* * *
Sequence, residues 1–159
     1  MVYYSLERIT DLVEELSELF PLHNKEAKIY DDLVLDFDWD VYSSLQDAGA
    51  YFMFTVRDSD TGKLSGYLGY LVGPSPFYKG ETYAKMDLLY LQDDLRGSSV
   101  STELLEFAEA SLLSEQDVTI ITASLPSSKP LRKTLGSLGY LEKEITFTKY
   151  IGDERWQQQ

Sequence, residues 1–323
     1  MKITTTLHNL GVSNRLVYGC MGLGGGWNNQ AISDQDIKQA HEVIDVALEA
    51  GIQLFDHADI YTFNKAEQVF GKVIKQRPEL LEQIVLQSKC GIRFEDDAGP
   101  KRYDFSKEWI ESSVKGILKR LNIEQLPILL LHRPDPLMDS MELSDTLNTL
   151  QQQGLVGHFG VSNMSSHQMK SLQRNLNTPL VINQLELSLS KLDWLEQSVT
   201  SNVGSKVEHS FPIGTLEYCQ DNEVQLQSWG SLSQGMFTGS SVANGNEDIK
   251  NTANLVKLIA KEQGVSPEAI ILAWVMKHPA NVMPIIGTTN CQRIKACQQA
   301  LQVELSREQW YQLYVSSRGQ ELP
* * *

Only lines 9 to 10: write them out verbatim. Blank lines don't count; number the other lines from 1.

   101  KRYDFSKEWI ESSVKGILKR LNIEQLPILL LHRPDPLMDS MELSDTLNTL
   151  QQQGLVGHFG VSNMSSHQMK SLQRNLNTPL VINQLELSLS KLDWLEQSVT